About $550 million is included in the current budget measure for undocumented health care, which is part of a larger Medicaid allocation through the Illinois Department of Human Services.

Another measure, which is part of the budget implementation bill, gives the department the ability to pass emergency rules to change the process for funding this health care, which the department has not currently the ability to do. The state would then implement these new rules, should the department decide to change them.

Pritzker said Wednesday that Democratic leaders had agreed to give the governor’s office the “tools” to manage the program so it does not grow to unsustainable proportions.

Budget matters weren’t the only tasks in the state capitol.

The Illinois House voted 106-0 to agree with the Senate on a sweeping ethics measure targeting red-light camera companies, sending the measure to Pritzker’s office. It comes after several elected officials were indicted as part of the federal government’s investigation into politically connected deals by red-light camera company SafeSpeed.

The legislation prohibits contractors who provide equipment and services to red-light camera companies from making campaign contributions.

It would also allow the Illinois Department of Transportation to remove specific red light cameras that have been linked to a bribery or bribery scandal. It also creates a two-year revolving door provision – which would prohibit members of the General Assembly and municipal and county officials from accepting employment with a contractor providing automated enforcement equipment.

On another issue, the House decided to give itself an additional nine months to map out Chicago’s newly elected school board.

After two weeks of contentious hearings in which attorneys complained their views were not being heard, lawmakers tabled an amendment that would extend the deadline for them to submit district maps, which were originally supposed to be presented on July 1. The amendment would give lawmakers until April. 1, 2024 to determine districts for the elected school board.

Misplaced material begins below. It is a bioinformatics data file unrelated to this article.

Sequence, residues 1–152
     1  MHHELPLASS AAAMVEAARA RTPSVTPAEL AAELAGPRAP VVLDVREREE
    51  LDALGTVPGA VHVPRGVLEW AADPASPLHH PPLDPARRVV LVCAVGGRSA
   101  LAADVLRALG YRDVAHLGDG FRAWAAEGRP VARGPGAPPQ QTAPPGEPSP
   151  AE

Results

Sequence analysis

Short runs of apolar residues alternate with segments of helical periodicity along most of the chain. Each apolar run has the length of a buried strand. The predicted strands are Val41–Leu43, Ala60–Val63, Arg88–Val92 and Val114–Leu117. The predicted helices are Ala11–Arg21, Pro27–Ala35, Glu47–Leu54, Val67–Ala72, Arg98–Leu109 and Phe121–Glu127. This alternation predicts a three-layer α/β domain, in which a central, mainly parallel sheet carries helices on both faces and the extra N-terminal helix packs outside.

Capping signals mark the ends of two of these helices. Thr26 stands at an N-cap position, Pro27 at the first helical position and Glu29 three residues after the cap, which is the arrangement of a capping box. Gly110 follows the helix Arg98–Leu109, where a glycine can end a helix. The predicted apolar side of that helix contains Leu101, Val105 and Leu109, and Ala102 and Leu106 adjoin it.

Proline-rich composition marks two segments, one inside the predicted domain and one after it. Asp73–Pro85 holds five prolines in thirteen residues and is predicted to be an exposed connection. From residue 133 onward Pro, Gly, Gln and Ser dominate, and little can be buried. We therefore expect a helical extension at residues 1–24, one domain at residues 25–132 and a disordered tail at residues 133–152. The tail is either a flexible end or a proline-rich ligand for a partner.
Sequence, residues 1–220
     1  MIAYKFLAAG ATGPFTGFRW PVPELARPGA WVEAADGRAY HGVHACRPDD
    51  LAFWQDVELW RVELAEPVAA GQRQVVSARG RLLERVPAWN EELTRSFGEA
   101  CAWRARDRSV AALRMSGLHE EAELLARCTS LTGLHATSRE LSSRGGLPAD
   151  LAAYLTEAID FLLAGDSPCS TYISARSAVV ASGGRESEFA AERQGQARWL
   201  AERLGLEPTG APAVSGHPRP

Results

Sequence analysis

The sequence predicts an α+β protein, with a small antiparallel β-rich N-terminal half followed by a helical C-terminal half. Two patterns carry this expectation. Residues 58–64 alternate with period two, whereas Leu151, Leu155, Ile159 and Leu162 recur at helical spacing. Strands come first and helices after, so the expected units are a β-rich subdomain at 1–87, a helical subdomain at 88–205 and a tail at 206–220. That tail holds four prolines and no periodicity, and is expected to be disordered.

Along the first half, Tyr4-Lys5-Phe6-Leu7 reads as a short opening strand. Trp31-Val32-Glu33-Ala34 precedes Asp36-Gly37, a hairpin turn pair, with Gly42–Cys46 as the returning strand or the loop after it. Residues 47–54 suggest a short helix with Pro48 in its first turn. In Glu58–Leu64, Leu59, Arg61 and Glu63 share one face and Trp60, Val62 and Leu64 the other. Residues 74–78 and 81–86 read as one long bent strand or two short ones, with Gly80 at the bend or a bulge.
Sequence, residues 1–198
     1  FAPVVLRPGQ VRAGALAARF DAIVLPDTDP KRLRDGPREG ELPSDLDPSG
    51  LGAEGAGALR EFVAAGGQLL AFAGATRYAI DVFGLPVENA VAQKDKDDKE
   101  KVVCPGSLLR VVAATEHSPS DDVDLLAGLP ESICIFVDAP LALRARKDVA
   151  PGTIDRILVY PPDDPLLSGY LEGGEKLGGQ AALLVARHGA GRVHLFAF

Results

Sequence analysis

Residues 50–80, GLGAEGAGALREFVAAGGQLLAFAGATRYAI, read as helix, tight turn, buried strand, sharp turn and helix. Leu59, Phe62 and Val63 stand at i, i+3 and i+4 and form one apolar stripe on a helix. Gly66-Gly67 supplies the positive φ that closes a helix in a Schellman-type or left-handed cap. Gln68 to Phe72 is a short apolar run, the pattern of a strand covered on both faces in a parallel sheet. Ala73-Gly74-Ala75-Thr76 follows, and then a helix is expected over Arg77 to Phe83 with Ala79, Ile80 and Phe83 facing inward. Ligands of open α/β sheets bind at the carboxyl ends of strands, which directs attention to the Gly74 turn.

The House voted 69 to 36 to approve the amendment Thursday night, and the Senate had to pass the measure before adjourning.

After two hearings, the attorneys said they wanted the map to represent the population of the public school system, not the general population of the city.

Eli Brottman, a consultant who testified that there were many issues with the maps, including not enough Latino-majority districts, tweeted Thursday night that he was “grateful to everyone who fought for the equality”.

“We’re winning the fight, but we need to continue to ensure that the coming months include plenty of public commentary on the process and the proposed cards,” Brottman said. “The responsibility does not end there.”

The elected school board will begin serving in 2025, with 10 members to be selected in the November 2024 election, and another 10 members and a school board chair appointed by Mayor Brandon Johnson.

NBC Chicago